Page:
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The Social Implications of Sugar: Living Costs, Real Incomes and Inequality in Jamaica c1774

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  • Trevor Burnard
  • Laura Panza
  • Jeffrey G. Williamson

Abstract

This paper provides the first quantitative assessment of Jamaican standards of living and income inequality around 1774. To this purpose we compute welfare ratios for a range of occupations and build a social table. We find that the slave colony had extremely high living costs, which rose steeply during the American War of Independence, and low standards of living, particularly for its enslaved population. Our results also show that due to its extreme poverty surrounding extreme wealth Jamaica was the most unequal place in the pre-modern world. Furthermore, all of these characteristics applied to the free population alone.

Suggested Citation

  • Trevor Burnard & Laura Panza & Jeffrey G. Williamson, 2017. "The Social Implications of Sugar: Living Costs, Real Incomes and Inequality in Jamaica c1774," NBER Working Papers 23897, National Bureau of Economic Research, Inc.
  • Handle: RePEc:nbr:nberwo:23897
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    References listed on IDEAS

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    1. Allen, Robert C. & Murphy, Tommy E. & Schneider, Eric B., 2012. "The Colonial Origins of the Divergence in the Americas: A Labor Market Approach," The Journal of Economic History, Cambridge University Press, vol. 72(04), pages 863-894, December.
    2. Robert C. Allen & Jean-Pascal Bassino & Debin Ma & Christine Moll-Murata & Jan Luiten Van Zanden, 2011. "Wages, prices, and living standards in China, 1738–1925: in comparison with Europe, Japan, and India," Economic History Review, Economic History Society, vol. 64, pages 8-38, February.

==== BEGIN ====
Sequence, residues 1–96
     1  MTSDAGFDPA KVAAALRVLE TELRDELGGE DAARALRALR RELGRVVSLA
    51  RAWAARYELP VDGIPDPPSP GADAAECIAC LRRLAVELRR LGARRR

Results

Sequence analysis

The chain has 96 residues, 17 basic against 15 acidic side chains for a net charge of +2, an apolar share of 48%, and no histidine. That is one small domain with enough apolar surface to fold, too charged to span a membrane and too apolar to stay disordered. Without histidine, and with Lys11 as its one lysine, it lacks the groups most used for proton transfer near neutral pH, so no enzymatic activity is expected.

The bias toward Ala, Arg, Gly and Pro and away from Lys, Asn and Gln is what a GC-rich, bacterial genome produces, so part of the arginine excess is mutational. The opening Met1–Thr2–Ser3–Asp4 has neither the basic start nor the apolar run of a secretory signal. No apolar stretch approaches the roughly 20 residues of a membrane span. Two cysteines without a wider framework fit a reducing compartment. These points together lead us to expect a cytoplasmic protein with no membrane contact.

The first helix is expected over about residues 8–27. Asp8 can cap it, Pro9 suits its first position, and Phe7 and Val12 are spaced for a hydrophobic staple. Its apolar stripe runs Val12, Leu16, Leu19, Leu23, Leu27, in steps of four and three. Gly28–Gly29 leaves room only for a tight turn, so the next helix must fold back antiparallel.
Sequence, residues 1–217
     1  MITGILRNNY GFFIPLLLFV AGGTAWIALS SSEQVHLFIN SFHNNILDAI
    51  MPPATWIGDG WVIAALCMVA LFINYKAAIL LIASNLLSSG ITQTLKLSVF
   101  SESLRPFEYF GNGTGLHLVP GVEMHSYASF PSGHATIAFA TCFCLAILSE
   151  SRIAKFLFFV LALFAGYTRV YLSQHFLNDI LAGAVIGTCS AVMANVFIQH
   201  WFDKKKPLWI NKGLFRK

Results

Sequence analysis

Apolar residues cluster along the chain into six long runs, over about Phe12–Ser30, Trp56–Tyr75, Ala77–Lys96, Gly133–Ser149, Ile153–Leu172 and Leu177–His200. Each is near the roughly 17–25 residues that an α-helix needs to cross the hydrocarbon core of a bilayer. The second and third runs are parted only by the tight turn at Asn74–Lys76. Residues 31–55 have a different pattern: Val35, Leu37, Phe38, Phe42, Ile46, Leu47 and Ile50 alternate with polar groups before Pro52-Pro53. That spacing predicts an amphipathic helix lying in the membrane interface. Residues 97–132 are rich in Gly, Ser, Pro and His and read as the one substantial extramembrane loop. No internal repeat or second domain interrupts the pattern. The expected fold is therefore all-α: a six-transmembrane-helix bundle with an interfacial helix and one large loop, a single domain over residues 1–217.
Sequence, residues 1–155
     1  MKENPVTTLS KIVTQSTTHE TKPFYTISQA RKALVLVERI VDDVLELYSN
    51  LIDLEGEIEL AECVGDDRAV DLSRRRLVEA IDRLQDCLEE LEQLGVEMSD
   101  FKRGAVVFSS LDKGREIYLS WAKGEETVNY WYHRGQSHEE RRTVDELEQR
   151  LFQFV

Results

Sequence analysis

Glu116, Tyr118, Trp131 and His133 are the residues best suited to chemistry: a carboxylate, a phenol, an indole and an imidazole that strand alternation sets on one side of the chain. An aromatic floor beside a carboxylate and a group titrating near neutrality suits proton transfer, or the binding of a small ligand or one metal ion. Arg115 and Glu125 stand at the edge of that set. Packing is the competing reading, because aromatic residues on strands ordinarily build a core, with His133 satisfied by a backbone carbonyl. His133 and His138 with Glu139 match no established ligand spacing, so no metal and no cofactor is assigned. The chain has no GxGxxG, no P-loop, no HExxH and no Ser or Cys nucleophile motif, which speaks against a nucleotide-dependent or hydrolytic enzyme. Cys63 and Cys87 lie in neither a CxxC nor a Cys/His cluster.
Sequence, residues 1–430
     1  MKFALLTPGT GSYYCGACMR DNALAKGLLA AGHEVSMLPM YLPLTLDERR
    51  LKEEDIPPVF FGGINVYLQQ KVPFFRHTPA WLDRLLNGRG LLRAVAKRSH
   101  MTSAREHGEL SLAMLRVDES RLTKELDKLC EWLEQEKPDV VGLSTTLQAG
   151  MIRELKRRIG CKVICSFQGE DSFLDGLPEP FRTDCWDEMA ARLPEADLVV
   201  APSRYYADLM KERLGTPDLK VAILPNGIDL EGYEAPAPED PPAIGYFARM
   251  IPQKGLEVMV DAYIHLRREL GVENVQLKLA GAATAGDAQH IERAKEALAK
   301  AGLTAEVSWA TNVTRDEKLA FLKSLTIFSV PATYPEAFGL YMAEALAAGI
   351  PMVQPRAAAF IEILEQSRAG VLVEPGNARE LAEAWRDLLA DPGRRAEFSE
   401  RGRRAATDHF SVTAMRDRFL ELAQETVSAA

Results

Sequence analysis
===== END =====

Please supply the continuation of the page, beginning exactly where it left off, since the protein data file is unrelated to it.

3. Peter H. Lindert & Jeffrey G. Williamson, 2016. "Unequal Gains: American Growth and Inequality since 1700," Economics Books, Princeton University Press, edition 1, number 10670, December.
    4. Eltis, David & Engerman, Stanley L., 2000. "The Importance of Slavery and the Slave Trade to Industrializing Britain," The Journal of Economic History, Cambridge University Press, vol. 60(01), pages 123-144, March.
    5. Roberts,Justin, 2013. "Slavery and the Enlightenment in the British Atlantic, 1750–1807," Cambridge Books, Cambridge University Press, number 9781107025851, December.
    6. Allen,Robert C., 2009. "The British Industrial Revolution in Global Perspective," Cambridge Books, Cambridge University Press, number 9780521868273, June.
    7. Allen, Robert C., 2001. "The Great Divergence in European Wages and Prices from the Middle Ages to the First World War," Explorations in Economic History, Elsevier, vol. 38(4), pages 411-447, October.
    8. Arroyo Abad, Leticia & Davies, Elwyn & van Zanden, Jan Luiten, 2012. "Between conquest and independence: Real wages and demographic change in Spanish America, 1530–1820," Explorations in Economic History, Elsevier, vol. 49(2), pages 149-166.
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    More about this item

    JEL classification:

    • N16 - Economic History - - Macroeconomics and Monetary Economics; Industrial Structure; Growth; Fluctuations - - - Latin America; Caribbean
    • N36 - Economic History - - Labor and Consumers, Demography, Education, Health, Welfare, Income, Wealth, Religion, and Philanthropy - - - Latin America; Caribbean
    • O54 - Economic Development, Innovation, Technological Change, and Growth - - Economywide Country Studies - - - Latin America; Caribbean

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